A baby is lucky to be alive – after he was born with his intestines and bladder outside of his body.
Doctors were forced to wrap Jack Hearne in cling film to stop the chance of infection, in a desperate attempt to save his life.
A rare birth defect, called gastroschisis, meant he was born with two of his vital organs on the outside after his abdomen failed to form properly.
And a team of doctors wrapped baby Jack in kitchen cling film seconds after he was delivered naturally to keep his organs close to his body.
But four months on, he’s finally home with his parents, Orla and Brian, and older sister Ella, in Waterford, Ireland.
Doctors were forced to wrap Jack Hearne in cling film seconds after he was delivered to stop the chance of infection, in a desperate attempt to save his life
A rare birth defect, called gastroschisis, meant Jack was born with two of his vital organs on the outside after his abdomen failed to form properly. Four months on, he’s finally home with his parents, Orla (right) and Brian, and older sister Ella, in Waterford, Ireland
His mother, Mrs Hearne, 38, said: ‘We were told at our 20-week scan that Jack had gastroschisis and immediately I broke down in tears, I was terrified and didn’t know what to expect.
‘As soon as I heard him cry I was so relieved, a team of doctors quickly wrapped his stomach in cling film and he was taken straight to intensive care before surgery.
‘Thankfully surgeons were able to insert all of his organs back inside his body, and even made his scar into a little belly button which is adorable.
‘I was terrified that I would never see him again but thankfully the surgery was really successful.
‘Jack has made an amazing recovery and we are all so thankful to finally have him home with us.
‘He is now four months old and is doing really well, he is the happiest child I have ever seen and nothing bothers him, we are all so grateful to have him home.’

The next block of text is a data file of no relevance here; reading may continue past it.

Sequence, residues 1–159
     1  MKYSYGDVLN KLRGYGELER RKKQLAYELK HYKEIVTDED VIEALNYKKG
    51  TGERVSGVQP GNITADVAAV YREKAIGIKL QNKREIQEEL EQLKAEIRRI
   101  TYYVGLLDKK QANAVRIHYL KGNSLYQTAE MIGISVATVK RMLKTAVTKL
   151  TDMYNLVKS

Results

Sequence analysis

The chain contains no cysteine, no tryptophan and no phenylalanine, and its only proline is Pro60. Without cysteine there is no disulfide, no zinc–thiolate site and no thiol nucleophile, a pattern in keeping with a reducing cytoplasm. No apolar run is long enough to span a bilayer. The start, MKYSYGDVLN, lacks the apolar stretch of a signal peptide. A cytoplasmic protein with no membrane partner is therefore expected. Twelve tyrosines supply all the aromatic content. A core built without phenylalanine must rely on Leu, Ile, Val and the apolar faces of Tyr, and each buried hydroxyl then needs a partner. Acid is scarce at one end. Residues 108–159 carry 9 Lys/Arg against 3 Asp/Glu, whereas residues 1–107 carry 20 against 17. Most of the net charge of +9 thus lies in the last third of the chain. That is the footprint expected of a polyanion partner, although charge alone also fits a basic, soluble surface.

Mrs Hearne was induced at 37 weeks and amazingly doctors were able to deliver baby Jack naturally on March 30 of this year.
A team of paediatricians quickly wrapped Jack’s organs in cling film before letting his mother have a quick hold of him – he was then rushed to intensive care.
Hours later, Jack had his first operation where surgeons were able to put two thirds of his organs back into his stomach.
They rest of his organs were hung in a bag above his stomach in the hope that they would fall back into place.
And a second operation the following morning allowed them to do just that.
His parents were told they would be in hospital for three months, but after just four weeks they were able to take Jack home.
It is not known exactly what causes gastroschisis but it is becoming increasingly more common, particularly in younger mothers under the age of 20, Jack pictured while at hospital
A team of paediatricians quickly wrapped Jack’s organs in cling film before letting his mother have a quick hold. He was then taken to intensive care, pictured with his mother and father Brian